While a half node die shrink isn't the holy grail of power savings, the major advantage for NVIDIA comes from the die size decrease. We don't have measurements on the GPU after the shrink (we don't want to tear apart our hardware until we've tested things like 3-way SLI), but with the massive size of GT200 and the heavy price cuts NVIDIA was forced to make shortly after launch, the cost savings is a very important factor in this move.
NVIDIA needs to keep its price competitive and that means it needs to keep its costs down. Building an overclocked GTX 280 helps raise the price while building the parts at 55nm helps lower the cost. NVIDIA wants this card to be successful.
So here's the deal. We can find the GTX 280 for about $340 if we aren't looking very hard (it can actually be had right now before mail in rebate for $325 at newegg but we'll give the 285 the benefit of the doubt). Compared to the $380 we can grab the new GeForce GTX 285 for, that's over 11% more money for only about 10% performance improvement. Of course there are more aggressively overclocked parts out there but they tend to cost a bit more as well. We do often see decreasing value with increasing performance, but it's not something we like. And if you don't mind mail in rebates the GTX 280 can be had for $300.
It looks like the benefit to the consumer here is going to be the unloading of GTX 280 hardware at prices that put it in better competition to the Radeon 4870 1GB. Of course the 4870 1GB is still a lot cheaper, but the GTX 280 starts to get a little more attractive at only 20% more expensive than the 4870 1GB as much of the time the performance advantage is larger than that. There are exceptions, of course.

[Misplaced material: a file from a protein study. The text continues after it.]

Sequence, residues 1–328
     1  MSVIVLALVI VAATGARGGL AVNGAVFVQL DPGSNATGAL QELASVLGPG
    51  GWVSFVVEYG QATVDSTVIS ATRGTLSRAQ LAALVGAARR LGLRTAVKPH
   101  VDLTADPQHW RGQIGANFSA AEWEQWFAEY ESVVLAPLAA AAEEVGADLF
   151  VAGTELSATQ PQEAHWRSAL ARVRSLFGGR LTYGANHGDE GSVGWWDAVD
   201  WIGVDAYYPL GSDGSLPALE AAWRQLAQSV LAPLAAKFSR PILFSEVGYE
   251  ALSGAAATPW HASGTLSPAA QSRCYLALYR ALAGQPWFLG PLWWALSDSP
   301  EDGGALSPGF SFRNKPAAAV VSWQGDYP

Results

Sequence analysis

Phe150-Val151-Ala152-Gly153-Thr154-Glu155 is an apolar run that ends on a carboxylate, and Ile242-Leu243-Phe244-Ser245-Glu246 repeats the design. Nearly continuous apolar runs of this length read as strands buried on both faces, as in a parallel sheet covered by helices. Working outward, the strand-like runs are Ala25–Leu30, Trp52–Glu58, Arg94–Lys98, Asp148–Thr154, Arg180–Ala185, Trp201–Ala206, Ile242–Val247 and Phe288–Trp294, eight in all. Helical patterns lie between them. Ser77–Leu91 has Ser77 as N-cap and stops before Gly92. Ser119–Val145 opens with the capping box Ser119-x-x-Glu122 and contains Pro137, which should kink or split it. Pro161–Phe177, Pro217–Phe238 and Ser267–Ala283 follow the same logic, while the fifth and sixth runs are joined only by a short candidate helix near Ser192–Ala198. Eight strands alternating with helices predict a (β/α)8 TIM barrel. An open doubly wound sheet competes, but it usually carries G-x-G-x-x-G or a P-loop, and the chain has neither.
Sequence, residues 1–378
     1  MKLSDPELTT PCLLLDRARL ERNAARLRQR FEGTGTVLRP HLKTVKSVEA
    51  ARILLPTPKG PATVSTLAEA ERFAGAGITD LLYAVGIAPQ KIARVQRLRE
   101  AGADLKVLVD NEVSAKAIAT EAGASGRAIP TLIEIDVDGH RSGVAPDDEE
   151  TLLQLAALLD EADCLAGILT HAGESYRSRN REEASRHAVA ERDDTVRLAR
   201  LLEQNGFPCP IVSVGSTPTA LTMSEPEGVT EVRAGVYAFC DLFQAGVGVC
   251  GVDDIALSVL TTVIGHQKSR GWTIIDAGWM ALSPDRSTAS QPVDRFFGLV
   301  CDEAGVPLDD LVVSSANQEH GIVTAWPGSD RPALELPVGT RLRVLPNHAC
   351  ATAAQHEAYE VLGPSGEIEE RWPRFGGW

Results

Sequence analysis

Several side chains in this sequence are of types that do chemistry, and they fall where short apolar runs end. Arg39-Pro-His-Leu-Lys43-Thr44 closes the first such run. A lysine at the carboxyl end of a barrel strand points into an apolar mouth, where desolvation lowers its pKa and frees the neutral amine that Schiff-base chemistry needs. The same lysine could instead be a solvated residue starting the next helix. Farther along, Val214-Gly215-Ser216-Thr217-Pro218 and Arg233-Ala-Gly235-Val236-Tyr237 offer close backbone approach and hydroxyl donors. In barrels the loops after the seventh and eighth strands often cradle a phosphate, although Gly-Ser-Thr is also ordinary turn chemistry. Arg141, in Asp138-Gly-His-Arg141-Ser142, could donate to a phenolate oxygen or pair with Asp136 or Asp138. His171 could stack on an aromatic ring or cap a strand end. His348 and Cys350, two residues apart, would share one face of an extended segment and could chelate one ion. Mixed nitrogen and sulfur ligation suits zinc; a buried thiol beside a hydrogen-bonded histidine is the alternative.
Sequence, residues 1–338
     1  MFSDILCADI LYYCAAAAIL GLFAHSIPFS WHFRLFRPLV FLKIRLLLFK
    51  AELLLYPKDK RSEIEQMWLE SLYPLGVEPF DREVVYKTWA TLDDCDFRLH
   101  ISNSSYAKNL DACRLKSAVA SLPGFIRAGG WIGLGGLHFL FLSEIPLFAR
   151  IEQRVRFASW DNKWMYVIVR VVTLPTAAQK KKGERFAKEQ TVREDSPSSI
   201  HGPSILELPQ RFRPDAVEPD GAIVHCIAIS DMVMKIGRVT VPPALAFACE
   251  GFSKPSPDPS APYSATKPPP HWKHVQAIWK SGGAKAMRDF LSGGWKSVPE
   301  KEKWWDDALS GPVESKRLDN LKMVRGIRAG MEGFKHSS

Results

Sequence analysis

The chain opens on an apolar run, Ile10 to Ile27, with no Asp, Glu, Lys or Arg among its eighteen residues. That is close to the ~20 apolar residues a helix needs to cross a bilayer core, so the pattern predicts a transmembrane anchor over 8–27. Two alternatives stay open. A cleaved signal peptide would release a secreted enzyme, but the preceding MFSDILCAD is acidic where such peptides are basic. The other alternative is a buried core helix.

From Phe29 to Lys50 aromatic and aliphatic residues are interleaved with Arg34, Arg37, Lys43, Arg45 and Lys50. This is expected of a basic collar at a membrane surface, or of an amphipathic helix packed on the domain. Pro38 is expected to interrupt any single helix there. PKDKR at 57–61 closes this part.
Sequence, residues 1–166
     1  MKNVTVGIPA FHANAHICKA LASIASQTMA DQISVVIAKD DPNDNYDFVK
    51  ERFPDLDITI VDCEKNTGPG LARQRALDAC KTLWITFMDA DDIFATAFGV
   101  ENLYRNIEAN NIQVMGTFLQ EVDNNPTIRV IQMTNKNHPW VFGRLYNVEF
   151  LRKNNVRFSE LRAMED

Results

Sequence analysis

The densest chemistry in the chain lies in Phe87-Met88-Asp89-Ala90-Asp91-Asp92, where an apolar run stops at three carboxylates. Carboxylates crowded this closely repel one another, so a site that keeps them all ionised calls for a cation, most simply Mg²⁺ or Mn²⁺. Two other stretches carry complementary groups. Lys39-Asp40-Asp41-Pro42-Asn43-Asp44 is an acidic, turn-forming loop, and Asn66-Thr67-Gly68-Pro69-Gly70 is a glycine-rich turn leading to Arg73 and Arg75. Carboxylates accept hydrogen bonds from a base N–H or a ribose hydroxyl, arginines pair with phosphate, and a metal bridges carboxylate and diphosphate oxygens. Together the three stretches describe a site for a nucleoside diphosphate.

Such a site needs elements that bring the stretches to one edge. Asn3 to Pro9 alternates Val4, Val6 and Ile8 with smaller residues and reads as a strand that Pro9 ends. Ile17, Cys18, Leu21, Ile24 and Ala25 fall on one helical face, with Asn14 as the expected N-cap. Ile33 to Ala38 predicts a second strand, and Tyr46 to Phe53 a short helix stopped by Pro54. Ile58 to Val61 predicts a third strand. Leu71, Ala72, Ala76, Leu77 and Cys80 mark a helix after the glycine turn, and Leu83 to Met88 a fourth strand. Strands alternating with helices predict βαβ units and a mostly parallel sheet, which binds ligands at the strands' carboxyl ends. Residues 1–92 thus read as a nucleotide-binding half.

It is a little more difficult to compare the GeForce GTX 285 to AMD hardware because of the price point. AMD doesn't have a card that hits the $400 mark (without mail in rebates that is: the 4870 X2 can hit $400 after mail ins). At about $50 more expensive, as we've noted, the 4870 X2 is just over 13% higher in price. Typically the 4870 X2, even in games that don't favor AMD architecture, leads the GeForce GTX 285 by more than that, often at performance about 18% higher at 2560x1600. This indicates that even at the higher price, value (price/performance) is higher with the 4870 X2.
In spite of the potential advantages offered by the Radeon 4870 X2, we have qualms about recommending it based on our experiences since October with the introduction of Core i7 and X58 and the multitude of software titles that were released. Driver support just isn't what it needs to be to really get behind an AMD single card dual-GPU solution right now. The issue is less about what's out now and more about support for titles as they come out and fast responses to issues (which AMD can't provide). The 8.12 hotfix (that is listed as only necessary with 4850 CrossFire) actually has improved stability and performance on all the single and dual setups we've tested on Core i7. We haven't finished putting it through its paces, but so far this one is a real step in the right direction. Unfortunately it will be months before we see this hotfix rolled into a WHQL driver. We definitely recommend this hotfix at least to anyone using AMD hardware on Vista x64 with a Core i7 platform.
In summary, despite its typical 10% performance advantage, the GeForce GTX 285 offers less price/performance than the GTX 280. The closest price competitor to the GTX 285, the Radeon HD 4870 X2, also offers better value, but at a higher price. At the same time, we have reservations about putting our weight behind the 4870 X2 with the driver issues we've experienced lately.